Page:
ussia as long as she remains within her own borders. Of all the great powers in Europe she is the one that after England has the least need of a great army.
She cannot be assailed with success at home, and she has no need to leave her own territories in search of lands to colonize. Her population, secure in its own vast numbers and vast resources has, for all future needs of expansion the continent of Siberia into which to overflow. Russia cannot be threatened within Russia and has no need to go outside Russia. A Russian army of 4,000,000 is not necessary to self-defence. Its inspiration can be due only to a policy of expansion at the cost of others, and its aim to extend and to maintain existing Russian frontiers. As I write it is engaged not in a war of defence but in a war of invasion, and is the instrument of a policy of avowed aggression.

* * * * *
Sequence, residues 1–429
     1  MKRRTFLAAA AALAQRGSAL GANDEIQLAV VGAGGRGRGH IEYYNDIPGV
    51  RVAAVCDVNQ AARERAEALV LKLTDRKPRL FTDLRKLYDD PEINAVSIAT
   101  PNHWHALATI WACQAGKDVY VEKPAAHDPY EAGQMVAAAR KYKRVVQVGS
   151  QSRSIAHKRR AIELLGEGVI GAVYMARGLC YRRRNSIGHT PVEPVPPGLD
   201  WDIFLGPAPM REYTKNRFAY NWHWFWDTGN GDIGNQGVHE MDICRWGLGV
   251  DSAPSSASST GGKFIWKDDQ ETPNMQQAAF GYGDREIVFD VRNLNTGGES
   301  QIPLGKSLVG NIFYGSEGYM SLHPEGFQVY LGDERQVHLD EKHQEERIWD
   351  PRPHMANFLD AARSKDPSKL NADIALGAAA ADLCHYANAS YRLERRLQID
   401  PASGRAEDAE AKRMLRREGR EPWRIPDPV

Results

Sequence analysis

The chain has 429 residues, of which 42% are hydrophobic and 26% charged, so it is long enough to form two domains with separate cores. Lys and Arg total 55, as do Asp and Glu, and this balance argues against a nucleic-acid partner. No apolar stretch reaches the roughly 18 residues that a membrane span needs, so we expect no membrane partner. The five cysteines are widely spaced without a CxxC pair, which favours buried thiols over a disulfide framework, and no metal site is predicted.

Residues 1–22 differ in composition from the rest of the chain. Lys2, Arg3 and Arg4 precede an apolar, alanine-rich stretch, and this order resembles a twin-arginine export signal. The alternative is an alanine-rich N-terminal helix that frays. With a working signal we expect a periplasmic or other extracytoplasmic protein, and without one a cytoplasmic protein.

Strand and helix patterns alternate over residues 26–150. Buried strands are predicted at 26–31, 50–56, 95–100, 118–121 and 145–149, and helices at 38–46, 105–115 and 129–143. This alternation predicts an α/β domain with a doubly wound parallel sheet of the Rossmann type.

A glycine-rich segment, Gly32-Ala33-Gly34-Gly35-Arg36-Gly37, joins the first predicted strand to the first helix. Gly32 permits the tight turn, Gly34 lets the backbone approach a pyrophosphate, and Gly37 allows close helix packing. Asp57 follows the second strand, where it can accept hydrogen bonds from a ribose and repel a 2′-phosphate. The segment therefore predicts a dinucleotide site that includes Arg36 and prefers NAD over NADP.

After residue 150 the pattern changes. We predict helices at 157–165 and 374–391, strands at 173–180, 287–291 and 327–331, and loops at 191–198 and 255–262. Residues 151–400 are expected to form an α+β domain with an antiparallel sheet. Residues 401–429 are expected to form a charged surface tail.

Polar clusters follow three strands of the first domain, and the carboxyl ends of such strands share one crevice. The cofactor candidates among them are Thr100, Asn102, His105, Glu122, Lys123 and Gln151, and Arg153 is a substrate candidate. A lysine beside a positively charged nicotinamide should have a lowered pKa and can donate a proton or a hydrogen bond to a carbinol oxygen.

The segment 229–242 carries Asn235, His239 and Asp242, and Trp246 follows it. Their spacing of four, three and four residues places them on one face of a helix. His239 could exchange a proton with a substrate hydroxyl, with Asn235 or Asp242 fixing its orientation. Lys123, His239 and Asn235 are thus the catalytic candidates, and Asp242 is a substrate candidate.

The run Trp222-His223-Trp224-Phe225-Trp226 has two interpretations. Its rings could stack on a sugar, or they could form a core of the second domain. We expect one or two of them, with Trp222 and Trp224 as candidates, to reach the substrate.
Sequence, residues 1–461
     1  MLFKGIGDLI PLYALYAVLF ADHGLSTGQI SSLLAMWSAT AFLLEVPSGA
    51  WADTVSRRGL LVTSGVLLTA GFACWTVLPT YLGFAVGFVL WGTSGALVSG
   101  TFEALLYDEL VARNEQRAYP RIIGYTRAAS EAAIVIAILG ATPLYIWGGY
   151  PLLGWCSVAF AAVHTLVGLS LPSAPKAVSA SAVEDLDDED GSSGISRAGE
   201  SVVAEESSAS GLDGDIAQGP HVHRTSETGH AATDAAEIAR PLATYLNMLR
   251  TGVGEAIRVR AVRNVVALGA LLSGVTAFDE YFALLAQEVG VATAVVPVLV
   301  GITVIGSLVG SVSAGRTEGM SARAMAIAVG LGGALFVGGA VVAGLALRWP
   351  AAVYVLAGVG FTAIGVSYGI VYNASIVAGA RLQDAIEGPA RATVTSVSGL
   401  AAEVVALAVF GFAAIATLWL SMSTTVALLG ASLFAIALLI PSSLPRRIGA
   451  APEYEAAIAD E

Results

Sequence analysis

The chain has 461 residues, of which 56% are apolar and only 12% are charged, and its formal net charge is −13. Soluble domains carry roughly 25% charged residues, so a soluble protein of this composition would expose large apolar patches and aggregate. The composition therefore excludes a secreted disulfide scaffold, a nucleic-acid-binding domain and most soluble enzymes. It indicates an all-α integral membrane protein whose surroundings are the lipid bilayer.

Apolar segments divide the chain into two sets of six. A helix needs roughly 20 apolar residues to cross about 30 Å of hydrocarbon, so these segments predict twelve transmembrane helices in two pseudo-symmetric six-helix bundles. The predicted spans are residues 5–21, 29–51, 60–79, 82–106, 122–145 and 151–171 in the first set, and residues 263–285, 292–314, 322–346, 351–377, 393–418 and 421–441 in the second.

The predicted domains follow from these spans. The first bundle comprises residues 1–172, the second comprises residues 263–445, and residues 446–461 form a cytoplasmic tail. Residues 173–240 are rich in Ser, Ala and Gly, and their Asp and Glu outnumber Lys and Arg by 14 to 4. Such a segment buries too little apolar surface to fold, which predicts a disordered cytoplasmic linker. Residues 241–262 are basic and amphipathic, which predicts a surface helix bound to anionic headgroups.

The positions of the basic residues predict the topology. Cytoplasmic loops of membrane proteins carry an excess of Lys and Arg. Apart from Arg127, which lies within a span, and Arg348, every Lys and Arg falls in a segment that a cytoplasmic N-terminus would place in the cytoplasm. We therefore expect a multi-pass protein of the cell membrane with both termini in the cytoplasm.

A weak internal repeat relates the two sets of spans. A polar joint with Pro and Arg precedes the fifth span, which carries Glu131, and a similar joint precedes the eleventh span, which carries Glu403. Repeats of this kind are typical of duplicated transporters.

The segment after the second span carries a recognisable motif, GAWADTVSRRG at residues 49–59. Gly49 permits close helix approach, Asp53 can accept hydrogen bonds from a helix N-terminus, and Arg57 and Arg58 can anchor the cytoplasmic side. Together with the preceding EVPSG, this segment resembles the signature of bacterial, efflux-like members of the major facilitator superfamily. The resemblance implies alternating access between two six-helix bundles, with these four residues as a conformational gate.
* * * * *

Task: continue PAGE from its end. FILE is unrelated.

Not the protection of the Slavs from Austria, herself so largely a Slavic power and one that does not need to learn the principles of good government from